Lung, Bladder & Pancreatic Cancer
For the past several weeks, I have been working on organizing an “Amazing Relayer” fundraiser on Lafayette’s campus. The concept for the fundraiser is similar to the show, The Amazing Race, as participants in both race to complete activities in order to win. The idea of doing it as a Relay For Life fundraiser started (as far as I know) at Worcester Polytechnic Institute, and I have been basing my event off of theirs.
I wanted our event to be fun and enticing, obviously, but I also wanted to use it as a form of cancer education. I wanted to help spread cancer facts that most people are unaware of, even though they are important in terms of risk factors and prevention for different types of cancer. In my research for the event, I came across some facts and information that even I was unaware of, so I thought it would be beneficial and interesting to share some of these facts, as well as other lesser-known tidbits, with the rest of the Campus Relay World.
Everyone knows that smoking is a major cause of lung cancer, but there’s actually a lot more to it than that. I mean A LOT more to it. To start, smoking isn’t just connected to lung cancer. It is also strongly connected to esophagus, larynx, mouth, throat, kidney, bladder, liver, pancreas, stomach, cervix, colon and rectum cancers.
Building off of that, lung cancer is not just caused by smoking. In fact, roughly 20,000 people die of lung cancer every year after never touching a cigarette. There is an unfortunate stigma surrounding lung cancer where people believe that everyone who has lung cancer smoked, and therefore they brought it upon themselves. Lung cancer is also one of the least funded types of cancers, in part due to this stigma. Organizations like the American Lung Association and Lung Cancer Alliance are working to dispel this stigma. The second leading cause of lung cancer, which most people are unaware of, is exposure to radon, which is a colorless, odorless, tasteless, and radioactive gas. The only way to know of the presence of radon is to test for it, which can actually be done fairly easily. You can buy tests online and have results within 1-2 weeks.
Moving on, I found that pancreatic cancer has one of the lowest survival rates. The risk factors for pancreatic cancer aren’t unusual. Smoking, older age, obesity, genetics and diabetes top most lists for risk factors, and yet all have been linked to many different types of cancer. Different diseases, like pancreatitis, have sometimes been linked to pancreatic cancer as well. Ninety-five percent of all pancreatic cancers begin in exocrine cells, which produce digestive enzymes, and the other five percent start in endocrine cells, which produce hormones. Because pancreatic cancer can start in either type of cell, and the cells have completely different functions, the symptoms for the two types of pancreatic cancer are very different. Jaundice, weight loss and back and abdomen pain are a few common symptoms for cancer that starts in the exocrine cells. Sweating, rapid heart rate, and nausea are just a few symptoms for cancer that starts in the endocrine cells.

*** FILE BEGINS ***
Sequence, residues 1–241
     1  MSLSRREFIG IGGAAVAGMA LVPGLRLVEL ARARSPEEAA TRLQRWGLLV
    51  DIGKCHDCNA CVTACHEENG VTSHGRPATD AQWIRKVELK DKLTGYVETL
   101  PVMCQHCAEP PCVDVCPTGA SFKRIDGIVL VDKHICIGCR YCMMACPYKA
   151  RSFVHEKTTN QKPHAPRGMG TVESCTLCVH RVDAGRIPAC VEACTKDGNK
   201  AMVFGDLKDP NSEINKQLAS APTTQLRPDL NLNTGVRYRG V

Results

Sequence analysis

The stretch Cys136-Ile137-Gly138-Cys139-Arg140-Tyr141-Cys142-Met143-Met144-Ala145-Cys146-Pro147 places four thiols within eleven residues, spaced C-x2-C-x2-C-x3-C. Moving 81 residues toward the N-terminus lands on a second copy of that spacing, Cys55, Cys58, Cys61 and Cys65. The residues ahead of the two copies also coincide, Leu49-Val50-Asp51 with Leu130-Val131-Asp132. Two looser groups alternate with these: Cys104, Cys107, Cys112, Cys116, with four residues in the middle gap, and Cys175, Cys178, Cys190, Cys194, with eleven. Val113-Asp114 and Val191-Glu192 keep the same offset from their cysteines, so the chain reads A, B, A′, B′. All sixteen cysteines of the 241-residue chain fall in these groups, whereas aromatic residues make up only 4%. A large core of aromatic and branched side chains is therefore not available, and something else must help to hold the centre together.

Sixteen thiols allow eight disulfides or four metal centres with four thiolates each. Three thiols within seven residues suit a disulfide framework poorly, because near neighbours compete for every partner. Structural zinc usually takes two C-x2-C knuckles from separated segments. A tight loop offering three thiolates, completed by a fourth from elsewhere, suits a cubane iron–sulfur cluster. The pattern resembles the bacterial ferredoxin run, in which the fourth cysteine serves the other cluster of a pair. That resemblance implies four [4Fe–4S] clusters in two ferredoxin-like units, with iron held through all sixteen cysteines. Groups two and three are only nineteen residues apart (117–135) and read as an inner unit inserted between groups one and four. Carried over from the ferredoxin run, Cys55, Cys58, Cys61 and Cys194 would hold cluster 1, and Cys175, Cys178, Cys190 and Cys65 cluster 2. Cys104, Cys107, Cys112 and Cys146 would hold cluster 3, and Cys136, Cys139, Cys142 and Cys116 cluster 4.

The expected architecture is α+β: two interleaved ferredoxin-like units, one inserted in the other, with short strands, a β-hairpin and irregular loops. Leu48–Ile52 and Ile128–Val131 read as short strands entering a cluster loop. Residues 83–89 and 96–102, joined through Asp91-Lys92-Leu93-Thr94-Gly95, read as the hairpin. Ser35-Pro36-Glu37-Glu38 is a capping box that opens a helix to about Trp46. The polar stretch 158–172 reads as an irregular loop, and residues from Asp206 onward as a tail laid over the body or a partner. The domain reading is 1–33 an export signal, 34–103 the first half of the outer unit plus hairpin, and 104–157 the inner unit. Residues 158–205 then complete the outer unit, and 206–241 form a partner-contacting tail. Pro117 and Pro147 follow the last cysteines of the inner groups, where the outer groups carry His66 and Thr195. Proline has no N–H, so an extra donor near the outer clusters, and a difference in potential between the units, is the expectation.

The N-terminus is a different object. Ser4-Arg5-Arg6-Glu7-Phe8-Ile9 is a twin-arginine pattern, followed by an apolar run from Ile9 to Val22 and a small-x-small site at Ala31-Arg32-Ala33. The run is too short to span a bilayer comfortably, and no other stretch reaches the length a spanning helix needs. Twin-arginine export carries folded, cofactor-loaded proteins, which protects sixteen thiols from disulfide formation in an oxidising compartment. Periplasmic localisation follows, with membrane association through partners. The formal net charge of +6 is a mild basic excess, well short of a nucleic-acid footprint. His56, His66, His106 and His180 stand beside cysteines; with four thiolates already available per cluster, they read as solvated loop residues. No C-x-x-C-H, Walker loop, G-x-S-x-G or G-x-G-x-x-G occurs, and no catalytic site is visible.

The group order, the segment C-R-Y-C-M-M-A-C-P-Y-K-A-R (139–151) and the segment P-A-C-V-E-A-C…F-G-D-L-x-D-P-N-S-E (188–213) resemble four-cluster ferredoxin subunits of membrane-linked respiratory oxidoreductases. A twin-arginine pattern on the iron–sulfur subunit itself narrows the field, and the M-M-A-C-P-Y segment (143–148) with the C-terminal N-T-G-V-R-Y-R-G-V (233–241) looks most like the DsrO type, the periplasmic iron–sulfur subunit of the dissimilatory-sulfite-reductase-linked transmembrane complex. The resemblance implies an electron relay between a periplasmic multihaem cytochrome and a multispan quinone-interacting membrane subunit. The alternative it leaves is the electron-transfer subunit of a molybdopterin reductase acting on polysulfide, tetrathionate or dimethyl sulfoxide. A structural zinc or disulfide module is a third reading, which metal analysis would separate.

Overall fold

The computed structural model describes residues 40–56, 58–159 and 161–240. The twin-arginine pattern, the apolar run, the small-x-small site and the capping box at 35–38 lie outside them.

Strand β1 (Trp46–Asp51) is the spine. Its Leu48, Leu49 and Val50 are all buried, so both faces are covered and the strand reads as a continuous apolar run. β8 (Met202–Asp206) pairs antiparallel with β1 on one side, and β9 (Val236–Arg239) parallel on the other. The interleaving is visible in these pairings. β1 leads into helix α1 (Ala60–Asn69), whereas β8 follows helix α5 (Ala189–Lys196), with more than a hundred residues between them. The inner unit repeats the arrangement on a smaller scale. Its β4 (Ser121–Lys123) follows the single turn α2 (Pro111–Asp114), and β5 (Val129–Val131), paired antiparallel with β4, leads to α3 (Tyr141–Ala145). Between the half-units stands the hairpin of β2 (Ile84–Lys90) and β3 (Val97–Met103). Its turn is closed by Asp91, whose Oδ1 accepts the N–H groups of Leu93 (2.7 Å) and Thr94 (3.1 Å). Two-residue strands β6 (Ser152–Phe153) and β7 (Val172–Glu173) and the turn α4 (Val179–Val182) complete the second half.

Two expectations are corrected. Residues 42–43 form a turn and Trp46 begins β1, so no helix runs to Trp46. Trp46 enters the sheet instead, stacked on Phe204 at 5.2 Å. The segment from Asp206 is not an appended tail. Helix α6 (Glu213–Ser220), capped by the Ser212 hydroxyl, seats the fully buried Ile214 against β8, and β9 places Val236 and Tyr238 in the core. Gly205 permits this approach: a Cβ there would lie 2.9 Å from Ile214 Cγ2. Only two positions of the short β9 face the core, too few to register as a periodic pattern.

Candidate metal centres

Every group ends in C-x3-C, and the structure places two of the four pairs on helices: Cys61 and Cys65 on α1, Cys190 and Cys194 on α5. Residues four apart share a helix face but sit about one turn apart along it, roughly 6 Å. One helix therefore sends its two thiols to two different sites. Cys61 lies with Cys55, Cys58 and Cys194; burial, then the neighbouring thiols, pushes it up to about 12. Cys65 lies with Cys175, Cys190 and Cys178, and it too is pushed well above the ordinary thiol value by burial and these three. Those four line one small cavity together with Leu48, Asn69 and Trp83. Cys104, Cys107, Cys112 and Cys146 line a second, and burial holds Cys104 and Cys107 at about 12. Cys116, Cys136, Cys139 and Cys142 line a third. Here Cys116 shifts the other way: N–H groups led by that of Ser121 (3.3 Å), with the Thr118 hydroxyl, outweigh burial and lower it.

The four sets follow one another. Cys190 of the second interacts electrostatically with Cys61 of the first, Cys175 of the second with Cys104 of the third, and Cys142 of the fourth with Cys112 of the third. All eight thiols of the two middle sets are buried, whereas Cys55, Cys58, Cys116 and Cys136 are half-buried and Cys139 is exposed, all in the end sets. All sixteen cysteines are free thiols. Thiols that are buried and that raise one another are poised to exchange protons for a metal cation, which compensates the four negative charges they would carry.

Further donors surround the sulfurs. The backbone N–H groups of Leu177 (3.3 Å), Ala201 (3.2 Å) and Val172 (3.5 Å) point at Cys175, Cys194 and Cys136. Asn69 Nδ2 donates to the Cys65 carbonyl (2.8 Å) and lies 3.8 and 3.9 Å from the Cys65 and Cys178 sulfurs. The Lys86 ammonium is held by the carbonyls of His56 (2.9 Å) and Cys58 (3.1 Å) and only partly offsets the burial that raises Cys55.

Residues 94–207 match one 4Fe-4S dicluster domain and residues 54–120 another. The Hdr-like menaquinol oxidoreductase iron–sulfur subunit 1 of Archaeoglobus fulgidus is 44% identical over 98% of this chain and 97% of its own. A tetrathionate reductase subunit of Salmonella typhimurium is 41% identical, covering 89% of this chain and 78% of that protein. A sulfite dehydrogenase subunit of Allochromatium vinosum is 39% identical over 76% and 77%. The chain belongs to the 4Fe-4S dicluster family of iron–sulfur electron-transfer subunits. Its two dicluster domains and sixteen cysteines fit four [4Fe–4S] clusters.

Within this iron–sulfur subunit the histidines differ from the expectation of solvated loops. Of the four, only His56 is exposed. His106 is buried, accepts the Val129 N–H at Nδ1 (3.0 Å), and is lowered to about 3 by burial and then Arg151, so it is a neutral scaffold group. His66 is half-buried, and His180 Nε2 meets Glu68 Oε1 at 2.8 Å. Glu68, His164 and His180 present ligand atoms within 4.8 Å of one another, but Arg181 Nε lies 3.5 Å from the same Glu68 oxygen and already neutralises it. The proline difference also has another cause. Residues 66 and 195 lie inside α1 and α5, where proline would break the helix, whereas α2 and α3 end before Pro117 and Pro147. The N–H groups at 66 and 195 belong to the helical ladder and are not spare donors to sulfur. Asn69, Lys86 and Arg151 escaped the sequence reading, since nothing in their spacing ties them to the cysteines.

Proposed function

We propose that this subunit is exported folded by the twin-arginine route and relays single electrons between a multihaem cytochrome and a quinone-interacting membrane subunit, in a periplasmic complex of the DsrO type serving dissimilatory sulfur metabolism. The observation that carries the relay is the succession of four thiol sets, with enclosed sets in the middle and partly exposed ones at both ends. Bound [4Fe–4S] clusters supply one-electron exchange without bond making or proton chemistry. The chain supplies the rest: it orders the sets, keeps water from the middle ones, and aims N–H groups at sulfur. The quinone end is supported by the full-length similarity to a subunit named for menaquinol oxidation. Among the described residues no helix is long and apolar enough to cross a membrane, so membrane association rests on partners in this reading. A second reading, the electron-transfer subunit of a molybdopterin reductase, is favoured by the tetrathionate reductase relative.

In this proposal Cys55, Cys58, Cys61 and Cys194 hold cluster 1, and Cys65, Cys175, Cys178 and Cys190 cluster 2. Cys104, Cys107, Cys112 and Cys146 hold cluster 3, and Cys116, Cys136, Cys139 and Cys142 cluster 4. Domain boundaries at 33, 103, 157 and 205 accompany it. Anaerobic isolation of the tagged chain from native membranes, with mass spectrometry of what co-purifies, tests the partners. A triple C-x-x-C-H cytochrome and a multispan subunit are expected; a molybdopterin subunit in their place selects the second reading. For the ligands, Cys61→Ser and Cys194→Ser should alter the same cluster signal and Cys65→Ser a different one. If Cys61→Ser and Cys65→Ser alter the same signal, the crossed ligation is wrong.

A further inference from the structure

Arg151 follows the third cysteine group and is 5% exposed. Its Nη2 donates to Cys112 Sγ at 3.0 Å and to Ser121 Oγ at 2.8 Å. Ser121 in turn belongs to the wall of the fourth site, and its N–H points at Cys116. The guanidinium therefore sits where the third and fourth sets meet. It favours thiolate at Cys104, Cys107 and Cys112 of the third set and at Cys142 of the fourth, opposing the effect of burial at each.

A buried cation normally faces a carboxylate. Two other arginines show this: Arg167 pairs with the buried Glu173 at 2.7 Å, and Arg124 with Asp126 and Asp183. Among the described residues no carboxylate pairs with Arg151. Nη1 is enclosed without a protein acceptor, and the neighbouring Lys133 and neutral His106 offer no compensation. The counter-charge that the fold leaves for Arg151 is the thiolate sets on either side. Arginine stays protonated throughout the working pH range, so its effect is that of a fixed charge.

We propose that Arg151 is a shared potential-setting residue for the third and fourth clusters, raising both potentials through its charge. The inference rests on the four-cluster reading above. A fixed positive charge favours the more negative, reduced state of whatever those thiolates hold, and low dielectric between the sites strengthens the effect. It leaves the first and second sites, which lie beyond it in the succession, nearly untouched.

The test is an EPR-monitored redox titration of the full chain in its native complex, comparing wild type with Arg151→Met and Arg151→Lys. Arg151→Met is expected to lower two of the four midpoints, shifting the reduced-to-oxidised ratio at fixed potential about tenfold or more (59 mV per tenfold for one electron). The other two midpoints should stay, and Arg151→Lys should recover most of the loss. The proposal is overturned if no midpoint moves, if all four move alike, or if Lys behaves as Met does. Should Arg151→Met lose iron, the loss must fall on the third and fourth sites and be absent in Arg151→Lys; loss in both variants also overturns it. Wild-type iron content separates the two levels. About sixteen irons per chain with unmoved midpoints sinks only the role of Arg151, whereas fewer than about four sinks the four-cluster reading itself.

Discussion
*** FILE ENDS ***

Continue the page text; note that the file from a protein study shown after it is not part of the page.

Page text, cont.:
Another interesting thing I learned was about bladder cancer. It doesn’t create the kind of buzz that lung and breast cancers do, yet it is one of the most common types of cancer in the United States. Although it can be hard to determine the cause, bladder cancer is many times caused by parasitic infection or environmental issues. One example of an environmental issue is arsenic in a water supply. There is strong evidence that relates arsenic exposure to bladder cancer. This, like radon, can also be tested for with some fairly inexpensive tests that can be purchased online.
Now here are some shorter, but still not well known, cancer facts:
A study released a few years ago illustrated that sleep deprivation could lead to more polyps in a person’s colon and an increased cancer risk.
According to the Skin Cancer Foundation, there are more skin cancer cases due to indoor tanning (419,000) than lung cancer cases due to smoking.
For most cases of liver cancer, the cause is unknown.
Testicular cancer has the highest survival rate, while pancreatic has the lowest.
Certain trained dogs have been able to smell cancers! Seriously. MIND. BLOWN. And they’re accurate about 90-95% of the time, which is better than some lab tests. Get it? Lab? Because of some dogs… Nevermind. It’s a real statistic.
Well, I hope this blog has taught you something about cancer that you didn’t know before. If you have any questions about specific facts or statistics, or are interested in also doing an “Amazing Relayer” fundraiser, let me know. Shoot me an email at email@example.com.
Sources: American Cancer Society, NIH National Cancer Institute, Cancer Research UK, Cancer Treatment Centers of America, Skin Cancer Foundation, CNN.